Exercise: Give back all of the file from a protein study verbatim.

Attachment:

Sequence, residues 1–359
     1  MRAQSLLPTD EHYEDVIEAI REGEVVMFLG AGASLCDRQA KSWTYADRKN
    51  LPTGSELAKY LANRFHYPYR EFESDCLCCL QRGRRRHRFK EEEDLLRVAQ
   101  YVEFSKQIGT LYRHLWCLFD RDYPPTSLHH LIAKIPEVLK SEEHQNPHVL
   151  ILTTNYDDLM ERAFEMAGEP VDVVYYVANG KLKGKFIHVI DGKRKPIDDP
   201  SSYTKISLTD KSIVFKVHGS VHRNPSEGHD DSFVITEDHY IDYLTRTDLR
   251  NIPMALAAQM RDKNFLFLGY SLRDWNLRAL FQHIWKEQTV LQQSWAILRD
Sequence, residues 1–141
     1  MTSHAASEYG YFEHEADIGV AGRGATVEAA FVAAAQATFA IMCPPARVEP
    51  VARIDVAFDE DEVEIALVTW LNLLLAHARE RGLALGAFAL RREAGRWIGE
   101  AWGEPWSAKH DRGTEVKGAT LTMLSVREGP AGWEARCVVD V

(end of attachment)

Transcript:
Sequence, residues 1–359
     1  MRAQSLLPTD EHYEDVIEAI REGEVVMFLG AGASLCDRQA KSWTYADRKN
    51  LPTGSELAKY LANRFHYPYR EFESDCLCCL QRGRRRHRFK EEEDLLRVAQ
   101  YVEFSKQIGT LYRHLWCLFD RDYPPTSLHH LIAKIPEVLK SEEHQNPHVL
   151  ILTTNYDDLM ERAFEMAGEP VDVVYYVANG KLKGKFIHVI DGKRKPIDDP
   201  SSYTKISLTD KSIVFKVHGS VHRNPSEGHD DSFVITEDHY IDYLTRTDLR
   251  NIPMALAAQM RDKNFLFLGY SLRDWNLRAL FQHIWKEQTV LQQSWAILRD
Sequence, residues 1–141
     1  MTSHAASEYG YFEHEADIGV AGRGATVEAA FVAAAQATFA IMCPPARVEP
    51  VARIDVAFDE DEVEIALVTW LNLLLAHARE RGLALGAFAL RREAGRWIGE
   101  AWGEPWSAKH DRGTEVKGAT LTMLSVREGP AGWEARCVVD V